Treaty Ceremony

When describing the feast that was provided, Treaty Commissioner D.C. Scott comes close to mocking the feast ceremony in his description:

There is a rigid etiquette at these feasts; the food is piled in the centre of the surrounding Indians, the men in the inner circle, the women and children in the outer.  When everyone is assembled the food is divided as fairly as possible until each person is served, no one takes a mouthful, the tea grows cold, the hot pork rigid, and half the merit of the warm food vanishes, but no one breaks the rule.  They still wait patiently until the Chief addresses them. At Osnaburgh while Missabay [the Chief] walked to and fro striking his long staff on the ground and haranguing them in short reiterant sentences- the same idea expressed over and over, the power and goodness of the white man, the weakness of the Indian, the kindness of the King, their great father,- there they sat and stoically watched the food turn clammy!8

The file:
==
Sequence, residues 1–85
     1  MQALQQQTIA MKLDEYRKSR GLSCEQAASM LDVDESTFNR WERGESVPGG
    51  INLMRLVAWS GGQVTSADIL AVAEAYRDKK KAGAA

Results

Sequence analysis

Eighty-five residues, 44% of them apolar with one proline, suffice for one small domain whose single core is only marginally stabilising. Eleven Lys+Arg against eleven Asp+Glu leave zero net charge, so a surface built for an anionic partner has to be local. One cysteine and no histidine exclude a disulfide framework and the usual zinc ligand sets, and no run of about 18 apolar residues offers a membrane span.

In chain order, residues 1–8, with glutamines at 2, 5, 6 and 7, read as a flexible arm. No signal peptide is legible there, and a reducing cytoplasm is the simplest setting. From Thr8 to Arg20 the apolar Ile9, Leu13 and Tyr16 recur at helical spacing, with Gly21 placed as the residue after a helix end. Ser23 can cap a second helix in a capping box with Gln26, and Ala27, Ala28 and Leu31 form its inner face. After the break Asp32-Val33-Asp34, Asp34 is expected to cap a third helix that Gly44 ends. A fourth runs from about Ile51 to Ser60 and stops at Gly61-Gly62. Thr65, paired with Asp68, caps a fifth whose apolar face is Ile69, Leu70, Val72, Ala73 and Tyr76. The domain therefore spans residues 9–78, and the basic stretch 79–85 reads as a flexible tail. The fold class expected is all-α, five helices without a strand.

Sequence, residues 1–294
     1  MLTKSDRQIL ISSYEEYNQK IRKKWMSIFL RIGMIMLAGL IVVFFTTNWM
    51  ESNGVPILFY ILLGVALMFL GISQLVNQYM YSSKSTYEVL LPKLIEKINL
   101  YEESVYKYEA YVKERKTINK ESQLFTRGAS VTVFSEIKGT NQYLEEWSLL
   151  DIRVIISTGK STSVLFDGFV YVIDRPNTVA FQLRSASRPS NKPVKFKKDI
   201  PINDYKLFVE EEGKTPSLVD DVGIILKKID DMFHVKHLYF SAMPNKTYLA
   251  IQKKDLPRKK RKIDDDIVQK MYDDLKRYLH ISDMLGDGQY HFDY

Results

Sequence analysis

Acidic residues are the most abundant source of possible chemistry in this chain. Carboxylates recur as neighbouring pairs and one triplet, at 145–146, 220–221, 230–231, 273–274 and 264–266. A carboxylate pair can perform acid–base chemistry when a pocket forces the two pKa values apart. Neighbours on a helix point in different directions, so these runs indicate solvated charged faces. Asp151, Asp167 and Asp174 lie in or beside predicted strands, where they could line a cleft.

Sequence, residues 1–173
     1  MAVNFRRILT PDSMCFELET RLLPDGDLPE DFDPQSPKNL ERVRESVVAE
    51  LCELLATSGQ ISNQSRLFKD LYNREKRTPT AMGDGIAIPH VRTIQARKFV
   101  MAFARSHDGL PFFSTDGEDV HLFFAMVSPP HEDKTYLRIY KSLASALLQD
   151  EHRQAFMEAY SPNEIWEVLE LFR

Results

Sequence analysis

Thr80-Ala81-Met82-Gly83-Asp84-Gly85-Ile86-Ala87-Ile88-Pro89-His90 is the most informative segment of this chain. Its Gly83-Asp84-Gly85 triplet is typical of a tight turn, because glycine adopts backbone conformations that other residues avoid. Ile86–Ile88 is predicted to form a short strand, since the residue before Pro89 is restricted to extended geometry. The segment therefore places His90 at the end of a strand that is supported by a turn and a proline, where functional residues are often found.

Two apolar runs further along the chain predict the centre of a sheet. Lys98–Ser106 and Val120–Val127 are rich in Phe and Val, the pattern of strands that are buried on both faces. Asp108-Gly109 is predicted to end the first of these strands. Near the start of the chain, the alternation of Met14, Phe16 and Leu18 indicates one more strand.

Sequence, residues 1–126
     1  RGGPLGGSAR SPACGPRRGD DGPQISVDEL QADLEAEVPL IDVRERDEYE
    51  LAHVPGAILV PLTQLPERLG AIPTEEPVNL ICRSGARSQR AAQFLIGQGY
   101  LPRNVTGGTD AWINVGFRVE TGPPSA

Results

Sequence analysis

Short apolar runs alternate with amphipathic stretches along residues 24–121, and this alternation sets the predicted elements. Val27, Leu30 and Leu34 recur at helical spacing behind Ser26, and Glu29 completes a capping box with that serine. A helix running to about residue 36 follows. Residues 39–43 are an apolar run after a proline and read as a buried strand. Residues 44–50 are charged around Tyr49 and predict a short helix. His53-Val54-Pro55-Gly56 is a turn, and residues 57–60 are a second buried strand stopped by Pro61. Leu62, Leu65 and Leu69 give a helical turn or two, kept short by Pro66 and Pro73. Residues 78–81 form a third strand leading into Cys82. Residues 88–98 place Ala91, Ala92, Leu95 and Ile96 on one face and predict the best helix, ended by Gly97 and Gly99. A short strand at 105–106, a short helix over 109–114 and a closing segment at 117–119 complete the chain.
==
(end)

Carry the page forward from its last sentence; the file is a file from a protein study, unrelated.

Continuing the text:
For the First Nations, however, the feast was a sacred occasion.

The Flag

The Commissioners brought a large 12 foot Union Jack flag with them. According to the Commissioners, the flag was accepted with delight.10  However, several Elders from the James Bay area reported that the flag would have held little meaning for the people present at the time of Treaty, although it would have been received politely.

Treaty Ceremony Flag

At Eabametoong, when the Union Jack was presented, the Commissioners explained that when the Chief was replaced by his successor, he was to turn the flag over to the new Chief.11 

At Marten Falls, Chief Whitehead gave a speech when the flag was given, in which he reportedly expressed gratitude for the benefits the King was providing.12